Professor Julian Juergensmeyer reflects on more than 55 years of teaching, research and trying to make urban centers more equitable.
Georgia State College of Law professor Julian Juergensmeyer, who served as director of the Center for the Comparative Study of Metropolitan Growth, retired last fall. Juergensmeyer, who is from Kentucky, taught at the College of Law for 21 years and at the University of Florida for 30 years. He started his career teaching property law and practicing land development law when it was a budding field.
He came to Atlanta during a time of significant change for Georgia State University and for the state of Georgia. Governor Roy Barnes was setting up a growth management program for the state, and he saw then College of Law dean Janice Griffith’s scholarship in local government law as parallel to his own expertise in land use control law. Juergensmeyer recalls that during that time, “being in Atlanta was like a scientist living in their laboratory.”
Now, after more than two decades of teaching Land Use as well as co-founding the Center for the Comparative Study of Metropolitan Growth and the Urban Fellows program and expanding the Study Space workshop, Juergensmeyer is ready for a new chapter. However, he has no plans to slow down with two books in the works and a new appointment as a founding faculty member for the LL.M. program at the law school of Northern Cyprus. Here, he reflects on his time at the College of Law and the future of land use law.
What impact do you hope your scholarship has had on the field?
The writing was on the wall that the world was urbanizing. Now, over half of the world’s people live in urban areas. The part that interests me the most is urban development, so if I’ve made any contribution, it’s to fairly allocating the resources for development. I have concentrated on infrastructure funding, specifically developer funding of infrastructure.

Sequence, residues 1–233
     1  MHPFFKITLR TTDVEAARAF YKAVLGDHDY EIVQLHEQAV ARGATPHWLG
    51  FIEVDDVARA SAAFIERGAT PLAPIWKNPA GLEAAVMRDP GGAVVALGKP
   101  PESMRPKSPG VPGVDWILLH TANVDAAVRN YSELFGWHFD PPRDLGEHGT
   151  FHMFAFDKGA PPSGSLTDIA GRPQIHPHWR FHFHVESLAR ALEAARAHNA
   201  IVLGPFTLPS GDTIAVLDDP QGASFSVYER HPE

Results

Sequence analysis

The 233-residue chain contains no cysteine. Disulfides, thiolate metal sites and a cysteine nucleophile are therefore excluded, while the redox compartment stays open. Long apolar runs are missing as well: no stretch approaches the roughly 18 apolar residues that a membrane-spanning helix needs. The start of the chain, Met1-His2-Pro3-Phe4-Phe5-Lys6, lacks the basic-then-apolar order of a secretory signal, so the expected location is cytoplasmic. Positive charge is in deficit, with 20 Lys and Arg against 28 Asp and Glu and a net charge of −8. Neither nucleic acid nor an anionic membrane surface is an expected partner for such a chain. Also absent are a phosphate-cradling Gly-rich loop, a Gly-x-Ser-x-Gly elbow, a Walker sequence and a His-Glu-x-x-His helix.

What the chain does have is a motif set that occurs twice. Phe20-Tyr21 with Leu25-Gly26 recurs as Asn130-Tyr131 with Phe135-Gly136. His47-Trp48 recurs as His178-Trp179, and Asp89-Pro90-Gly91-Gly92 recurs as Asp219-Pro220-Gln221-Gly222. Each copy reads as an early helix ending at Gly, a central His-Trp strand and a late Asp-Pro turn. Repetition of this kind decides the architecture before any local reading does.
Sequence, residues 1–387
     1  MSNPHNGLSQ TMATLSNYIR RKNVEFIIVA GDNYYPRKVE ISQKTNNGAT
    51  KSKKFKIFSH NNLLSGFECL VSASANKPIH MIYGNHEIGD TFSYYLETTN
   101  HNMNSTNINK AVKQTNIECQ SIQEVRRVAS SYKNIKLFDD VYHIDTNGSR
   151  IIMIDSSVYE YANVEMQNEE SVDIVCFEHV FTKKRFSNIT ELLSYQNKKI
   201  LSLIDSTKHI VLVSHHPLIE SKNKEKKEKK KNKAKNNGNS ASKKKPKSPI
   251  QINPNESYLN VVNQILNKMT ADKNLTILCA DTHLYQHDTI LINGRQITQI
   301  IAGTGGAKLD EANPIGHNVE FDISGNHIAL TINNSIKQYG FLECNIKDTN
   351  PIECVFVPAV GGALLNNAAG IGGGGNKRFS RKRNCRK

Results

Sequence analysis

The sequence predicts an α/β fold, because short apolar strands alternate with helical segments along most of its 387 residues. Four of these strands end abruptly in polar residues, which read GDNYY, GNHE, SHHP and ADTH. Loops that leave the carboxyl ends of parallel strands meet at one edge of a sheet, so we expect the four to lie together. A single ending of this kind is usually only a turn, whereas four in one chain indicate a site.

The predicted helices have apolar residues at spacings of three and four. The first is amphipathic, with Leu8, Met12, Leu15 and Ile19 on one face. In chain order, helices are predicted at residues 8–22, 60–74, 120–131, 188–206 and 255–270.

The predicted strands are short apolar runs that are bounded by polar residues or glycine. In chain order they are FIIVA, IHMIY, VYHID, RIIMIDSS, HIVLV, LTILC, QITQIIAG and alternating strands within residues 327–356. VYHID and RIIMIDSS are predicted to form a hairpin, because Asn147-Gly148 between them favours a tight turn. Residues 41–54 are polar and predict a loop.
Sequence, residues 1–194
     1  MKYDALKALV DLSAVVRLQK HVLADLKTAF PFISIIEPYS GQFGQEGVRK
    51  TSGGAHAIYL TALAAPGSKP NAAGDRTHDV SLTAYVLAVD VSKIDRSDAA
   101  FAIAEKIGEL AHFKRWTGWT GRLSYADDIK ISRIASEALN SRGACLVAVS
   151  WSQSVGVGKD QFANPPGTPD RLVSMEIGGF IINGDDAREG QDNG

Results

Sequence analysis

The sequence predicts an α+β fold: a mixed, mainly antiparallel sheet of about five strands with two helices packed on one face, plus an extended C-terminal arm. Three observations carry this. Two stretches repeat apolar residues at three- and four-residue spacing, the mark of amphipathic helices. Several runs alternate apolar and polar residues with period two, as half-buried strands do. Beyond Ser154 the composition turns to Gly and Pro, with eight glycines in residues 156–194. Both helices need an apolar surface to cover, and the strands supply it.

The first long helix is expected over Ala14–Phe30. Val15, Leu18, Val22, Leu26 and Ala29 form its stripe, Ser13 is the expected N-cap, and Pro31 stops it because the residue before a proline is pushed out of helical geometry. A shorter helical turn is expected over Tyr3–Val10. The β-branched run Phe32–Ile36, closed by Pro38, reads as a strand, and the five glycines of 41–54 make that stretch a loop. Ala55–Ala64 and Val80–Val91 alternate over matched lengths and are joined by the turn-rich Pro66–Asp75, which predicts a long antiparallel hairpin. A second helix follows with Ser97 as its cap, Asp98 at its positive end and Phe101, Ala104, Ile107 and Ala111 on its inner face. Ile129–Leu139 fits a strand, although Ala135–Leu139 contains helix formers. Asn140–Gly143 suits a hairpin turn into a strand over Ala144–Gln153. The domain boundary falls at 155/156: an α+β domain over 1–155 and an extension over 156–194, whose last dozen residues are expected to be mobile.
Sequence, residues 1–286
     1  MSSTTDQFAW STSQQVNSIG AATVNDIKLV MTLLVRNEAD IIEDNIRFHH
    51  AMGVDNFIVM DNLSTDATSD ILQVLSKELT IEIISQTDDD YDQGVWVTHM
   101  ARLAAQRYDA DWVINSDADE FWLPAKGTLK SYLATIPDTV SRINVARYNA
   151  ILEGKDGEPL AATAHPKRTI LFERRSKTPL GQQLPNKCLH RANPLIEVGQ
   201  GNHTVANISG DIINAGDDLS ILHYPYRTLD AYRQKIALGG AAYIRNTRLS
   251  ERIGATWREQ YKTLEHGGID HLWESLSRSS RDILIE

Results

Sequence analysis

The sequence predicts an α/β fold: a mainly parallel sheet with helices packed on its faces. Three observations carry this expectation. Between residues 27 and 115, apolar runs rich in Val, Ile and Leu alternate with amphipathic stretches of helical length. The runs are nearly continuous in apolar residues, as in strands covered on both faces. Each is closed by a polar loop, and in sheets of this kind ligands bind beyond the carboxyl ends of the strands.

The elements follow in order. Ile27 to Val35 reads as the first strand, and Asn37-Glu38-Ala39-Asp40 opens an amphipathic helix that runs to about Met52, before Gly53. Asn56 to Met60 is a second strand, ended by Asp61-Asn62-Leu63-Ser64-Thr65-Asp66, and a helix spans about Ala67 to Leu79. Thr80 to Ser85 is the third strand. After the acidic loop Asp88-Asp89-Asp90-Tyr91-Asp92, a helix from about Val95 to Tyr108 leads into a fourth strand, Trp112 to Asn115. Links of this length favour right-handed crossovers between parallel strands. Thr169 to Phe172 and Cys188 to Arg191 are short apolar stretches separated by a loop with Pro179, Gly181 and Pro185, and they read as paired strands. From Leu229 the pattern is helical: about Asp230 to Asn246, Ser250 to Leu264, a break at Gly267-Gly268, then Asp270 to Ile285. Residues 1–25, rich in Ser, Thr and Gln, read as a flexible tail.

What is your fondest memory of your time at the College of Law?
Most of them revolve around the center and the work we’ve done with Study Space. I started the International Perspectives courses where we bring in a foreign professor to teach for two or three weeks at a time semester. We try to translate that to the Urban Fellows program. The other thing that has been rewarding has been our Journal of Comparative Urban Law & Policy.
What has been your most memorable Study Space experience?
They’ve all been so different, I’m not sure if I can single one out. As far as the most unique, the one in Istanbul was our very first one and I had never been to Turkey before. I never had been in Asia and we went to Singapore. Then, I think of South Africa. I had been there before, but it was exciting to see South Africa today versus during apartheid.
Thinking about contemporary issues, what is the intersection between COVID-19 and Land Use Law?
What it’s showing us, although I think we already knew--we just didn’t know how serious it was-- is that our cities are poorly designed to deal with any disaster, whether it’s a pandemic, temperature rise, sea level rise, or other natural disasters. In Europe, it’s being looked at as the 15-minute city, the idea being that you should be able to walk or bike to recreation, work, groceries, healthcare, etcetera in 15 minutes. We have to reconfigure our cities so that we have communities that are self-sustained within urban areas, and that would make it easier to handle the virus.
What are your retirement plans?
My wife and I plan to relocate to Amelia Island, Florida to retire. We’ve had a place there for almost 30 years. I hope to spend a lot more time in Poland because my wife lives in Poland and she teaches law there; we met at the University of Florida. I also hope to spend time in southern France and grow lavender.
Interview by Kelundra Smith